A former client of mine, construction industry software solutions provider COINS, recently acquired e-Xact Online, the product information service for building materials (reports BuildersMerchantsNews.com; see also COINS news release).
e-Xact Online was launched in 1999, originally by the Builders Merchants Federation, with the assistance of a DETR government grant that was aimed at removing costs from the supply chain. Its database includes details of over 165,000 products listed from around 130 major suppliers of building materials, including Travis Perkins, Jewson, Buildbase and many leading independent builders’ merchants. It provides a standardised and rapidly updated means to distribute cost information, images, data sheets and other product-specific information for trade counters, sales offices and web catalogues.
COINS business development director Nigel Cope said the aim was to create “the most comprehensive product information service for the construction sector.” COINS says its software is used by 31% of the top 100 UK construction companies and 33% of the top 30 Irish construction companies, so there is signficant potential demand for materials information from professionals within its contractor customers. And COINS also manages one of the industry’s main e-trading communities, COINS-etc, so there is scope for it to add a pre-purchase electronic information dimension to its existing procurement-to-payment capabilities.
e-commerce and e-collaboration back on the agenda?
Back in the late 1990s, there was a rush by various construction organisations to create e-commerce ventures, but many of these businesses disappeared when the dot.com bubble burst in 2000. I recall (post) how several major contractors clubbed together in competing UK and pan-European construction e-marketplaces such as Arrideo, AECVenture and Mercadium, while Asite and BuildOnline (now part of Sword-CTSPace) both dabbled with the e-commerce idea before focusing on construction collaboration technologies.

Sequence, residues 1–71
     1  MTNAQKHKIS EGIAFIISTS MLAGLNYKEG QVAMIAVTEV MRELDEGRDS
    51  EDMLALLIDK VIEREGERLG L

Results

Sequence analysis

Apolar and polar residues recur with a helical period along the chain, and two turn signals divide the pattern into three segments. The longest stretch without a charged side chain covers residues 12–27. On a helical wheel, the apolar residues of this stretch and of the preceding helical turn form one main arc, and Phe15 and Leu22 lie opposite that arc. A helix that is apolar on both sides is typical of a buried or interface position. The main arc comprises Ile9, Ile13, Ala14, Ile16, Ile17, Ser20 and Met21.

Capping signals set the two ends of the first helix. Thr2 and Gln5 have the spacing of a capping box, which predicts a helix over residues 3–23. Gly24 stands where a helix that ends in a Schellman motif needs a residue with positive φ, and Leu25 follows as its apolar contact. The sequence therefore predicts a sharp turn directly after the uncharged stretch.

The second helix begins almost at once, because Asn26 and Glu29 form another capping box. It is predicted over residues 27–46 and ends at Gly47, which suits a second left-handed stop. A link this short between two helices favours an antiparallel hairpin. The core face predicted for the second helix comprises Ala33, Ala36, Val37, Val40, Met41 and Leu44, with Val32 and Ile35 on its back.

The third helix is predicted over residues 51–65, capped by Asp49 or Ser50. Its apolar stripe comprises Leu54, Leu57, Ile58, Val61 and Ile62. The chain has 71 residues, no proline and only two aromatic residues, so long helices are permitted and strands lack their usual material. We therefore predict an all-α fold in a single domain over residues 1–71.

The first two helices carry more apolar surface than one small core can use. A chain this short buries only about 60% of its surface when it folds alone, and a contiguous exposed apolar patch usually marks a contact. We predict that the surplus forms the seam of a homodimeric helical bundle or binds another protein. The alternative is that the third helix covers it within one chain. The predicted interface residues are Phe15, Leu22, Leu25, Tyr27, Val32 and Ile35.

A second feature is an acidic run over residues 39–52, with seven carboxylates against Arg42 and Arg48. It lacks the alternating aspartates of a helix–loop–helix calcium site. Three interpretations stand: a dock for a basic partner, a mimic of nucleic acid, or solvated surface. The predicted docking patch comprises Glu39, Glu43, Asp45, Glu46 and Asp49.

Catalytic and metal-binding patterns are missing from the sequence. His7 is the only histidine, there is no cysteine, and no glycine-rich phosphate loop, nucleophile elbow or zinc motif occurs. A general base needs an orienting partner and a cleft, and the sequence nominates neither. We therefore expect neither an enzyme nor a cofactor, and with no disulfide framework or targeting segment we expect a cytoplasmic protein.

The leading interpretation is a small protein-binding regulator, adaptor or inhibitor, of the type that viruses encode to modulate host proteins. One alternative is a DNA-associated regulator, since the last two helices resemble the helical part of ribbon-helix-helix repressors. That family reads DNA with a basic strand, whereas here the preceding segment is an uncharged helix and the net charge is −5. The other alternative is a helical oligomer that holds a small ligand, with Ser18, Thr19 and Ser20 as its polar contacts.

e-Xact Online emerged around the same time, but weathered the dot.com fall-out partly due to its focus on product information provision rather than providing a trading hub (in much the same way that collaboration vendors largely survived as they were focused on managing design information and not procurement). And this acquisition has set me thinking that the potential integration of design and procurement processes hypothesised by those early ventures may yet happen.
With growing interest in building information modelling (BIM), easy, early access to detailed materials information in electronic formats will become increasingly important as clients and project teams seek to comply with carbon reduction, legislative and economic requirements. And I think there is also scope for such information to be made available to project teams as they design and specify materials and products using construction collaboration platforms (I foresee architects and other designers perhaps being able to ‘pull’ in materials information and share it as part of their interaction with fellow project team members). Maybe, more than a decade after the “dot.com bust”, we may yet see the emergence of integrated design, procurement and e-commerce.